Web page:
Renegade Ship Buried at Sea Reveals New Clues about what was Hidden Onboard
Researchers from the Dominican Republic, Indiana University Bloomington's School of Health, Physical Education and Recreation, the Peace Corps, and The Children's Museum of Indianapolis discovered the 18th-century cargo spilled by a renegade ship that purportedly carried only cocoa and a small amount of pesos. The 90-ton Nuestra Señora de Begoña was caught in a harrowing storm and ran aground in 1725. It sank, and was buried off the shore of what is now known as the Dominican Republic. Documentation following the wreck indicates the vessel probably carried smuggled treasure, hidden to avoid taxation from the Spanish crown.
“The discovery of these rare objects over the last couple of months relates directly to the testimony of sailors onboard the ship,” said Charlie Beeker, Director IU Office of Underwater Science. “The sailors testified they were sent back onboard to retrieve six Talegas (bag of coins valued at 1,000 Pesos) from under the Captain’s bed. Nine chests were taken to shore, all with false bottoms containing contraband treasure.”
The dive teams recovered two Talegas in addition to a wood bottom from a treasure chest, loaded with silver platters, plates, forks, spoons, candle holders, other yet to be identified silver objects. . Shortly after their discovery, one cluster of coins was delivered to the National underwater patrimony conservation lab in Santo Domingo, where scientists removed a thick layer of corrosion and separated some of the coins from the others. All the minted dates were prior to1725 the year the leaky Begoña in much need of repairs was sunk by high winds.
Now some of those treasures will be on display at The Children’s Museum of Indianapolis. “This is the kind of rich history and science we want families to experience in our wet lab located inside our National Geographic Treasures of the Earth exhibit,” said Dr. Jeffrey H. Patchen, president and CEO, The Children’s Museum of Indianapolis. “Thanks to our wonderful partnership with the people of the Dominican Republic, Indiana University and Eli Lilly and Company Foundation, we are able to show how science plays a significant role in revealing fascinating stories from history and our visitors are able to speak directly to the men and women who discovered and are researching the artifacts.”
These cultural pieces are a valuable part of the Dominican Republic’s history that their government wants shared with people around the world. “We hope these artifacts will inspire people to learn about our country and the history of our forefathers. Indiana University is very professional and has worked in my country for many years, and I am happy they are willing to share this discovery in The Children’s Museum, said Francis Soto, Technical Director, Oficina Nacional de Patrimonio Cultural Subacuático, “Where else would be better?”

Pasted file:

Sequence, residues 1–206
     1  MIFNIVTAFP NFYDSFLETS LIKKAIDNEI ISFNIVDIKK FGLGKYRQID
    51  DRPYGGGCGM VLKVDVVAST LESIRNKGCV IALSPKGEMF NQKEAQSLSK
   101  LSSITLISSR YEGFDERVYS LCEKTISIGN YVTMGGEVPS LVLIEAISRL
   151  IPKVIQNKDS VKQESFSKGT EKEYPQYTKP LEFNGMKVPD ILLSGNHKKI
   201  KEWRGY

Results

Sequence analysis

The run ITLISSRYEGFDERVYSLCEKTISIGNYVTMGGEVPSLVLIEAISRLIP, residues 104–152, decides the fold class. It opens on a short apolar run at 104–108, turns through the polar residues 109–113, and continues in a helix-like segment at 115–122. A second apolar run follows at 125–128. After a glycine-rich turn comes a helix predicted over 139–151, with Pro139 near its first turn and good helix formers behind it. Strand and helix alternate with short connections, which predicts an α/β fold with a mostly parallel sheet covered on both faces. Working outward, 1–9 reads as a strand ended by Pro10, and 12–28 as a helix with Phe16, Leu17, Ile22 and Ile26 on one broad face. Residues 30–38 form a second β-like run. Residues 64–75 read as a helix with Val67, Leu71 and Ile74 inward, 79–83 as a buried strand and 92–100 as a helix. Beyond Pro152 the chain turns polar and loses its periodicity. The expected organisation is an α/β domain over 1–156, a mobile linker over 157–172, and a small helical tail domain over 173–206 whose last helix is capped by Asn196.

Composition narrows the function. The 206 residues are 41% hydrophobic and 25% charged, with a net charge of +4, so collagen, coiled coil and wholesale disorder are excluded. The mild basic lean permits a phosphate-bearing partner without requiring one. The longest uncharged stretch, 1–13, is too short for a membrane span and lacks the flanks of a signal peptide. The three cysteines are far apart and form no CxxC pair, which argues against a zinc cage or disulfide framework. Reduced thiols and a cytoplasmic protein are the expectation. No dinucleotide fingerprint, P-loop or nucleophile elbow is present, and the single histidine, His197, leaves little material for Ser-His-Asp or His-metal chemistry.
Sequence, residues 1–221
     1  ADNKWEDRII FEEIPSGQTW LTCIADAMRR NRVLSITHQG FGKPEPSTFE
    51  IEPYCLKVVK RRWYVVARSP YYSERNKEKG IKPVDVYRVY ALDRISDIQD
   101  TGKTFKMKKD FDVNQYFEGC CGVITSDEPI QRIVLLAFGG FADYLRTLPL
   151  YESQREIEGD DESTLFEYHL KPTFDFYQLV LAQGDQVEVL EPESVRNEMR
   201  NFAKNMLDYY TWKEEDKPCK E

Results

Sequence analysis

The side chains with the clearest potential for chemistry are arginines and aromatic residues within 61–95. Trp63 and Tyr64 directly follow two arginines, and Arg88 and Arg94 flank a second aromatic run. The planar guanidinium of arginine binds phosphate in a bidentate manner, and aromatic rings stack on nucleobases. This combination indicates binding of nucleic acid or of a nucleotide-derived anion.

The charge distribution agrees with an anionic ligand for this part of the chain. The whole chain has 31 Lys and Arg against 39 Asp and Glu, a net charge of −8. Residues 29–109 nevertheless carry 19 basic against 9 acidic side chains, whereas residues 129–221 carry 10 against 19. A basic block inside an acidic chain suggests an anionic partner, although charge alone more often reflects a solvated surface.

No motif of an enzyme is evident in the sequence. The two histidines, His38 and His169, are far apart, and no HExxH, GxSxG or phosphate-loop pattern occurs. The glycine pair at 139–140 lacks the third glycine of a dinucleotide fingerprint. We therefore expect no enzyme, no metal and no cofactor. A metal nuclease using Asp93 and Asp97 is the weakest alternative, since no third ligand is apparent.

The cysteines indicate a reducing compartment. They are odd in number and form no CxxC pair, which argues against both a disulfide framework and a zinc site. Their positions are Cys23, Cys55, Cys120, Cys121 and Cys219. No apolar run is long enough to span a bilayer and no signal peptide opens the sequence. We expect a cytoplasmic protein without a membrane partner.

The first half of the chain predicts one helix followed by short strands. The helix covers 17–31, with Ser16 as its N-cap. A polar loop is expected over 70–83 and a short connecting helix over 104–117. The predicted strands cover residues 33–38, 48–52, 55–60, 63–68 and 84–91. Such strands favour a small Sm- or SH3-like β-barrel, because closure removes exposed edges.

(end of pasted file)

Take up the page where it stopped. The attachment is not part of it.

“We are hopeful this discovery will inspire the next generation of explorers. That sense of discovery really drives archaeology and creates a sense of wonder about what might still lie beneath the sea,” said John Foster, IU Department of Anthropology and project co-Director.
This is only the beginning. These artifacts were discovered in what is considered the spillage of the 90-ton ship. While researchers have not yet discovered the Nuestra Señora de Begoña’s hull, magnetic anomaly indicate it is just 100 meters from the site being excavated.
Archival information we have gathered from Seville, Spain reveals there could be much more buried in the sand and we expect to find the ship’s hull and many more cultural artifacts, representing this significant early 18th century shipwreck in the Caribbean.” said Beeker.
The Children's Museum of Indianapolis is a nonprofit institution committed to creating extraordinary learning experiences across the arts, sciences, and humanities that have the power to transform the lives of children and families. For more information about The Children's Museum, visit www.childrensmuseum.org, follow us on Twitter @TCMIndy, Facebook.com/childrensmuseum and YouTube.
Indiana University's School of Health, Physical Education and Recreation (www.hper.indiana.edu) encompasses a broad spectrum of academic interests and professional fields. The School of HPER offers nearly 50 undergraduate and advanced degree programs through its departments of applied health science, kinesiology, environmental health, and recreation, park and tourism studies. To further its health and wellness initiative, Campus Recreational Sports provides sport and fitness services for the IU community and the public. Twitter: @IUHPER Facebook.com/hperiu
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• Oficina Nacional de Patrimonio Cultural Subacuático (ONPCS),
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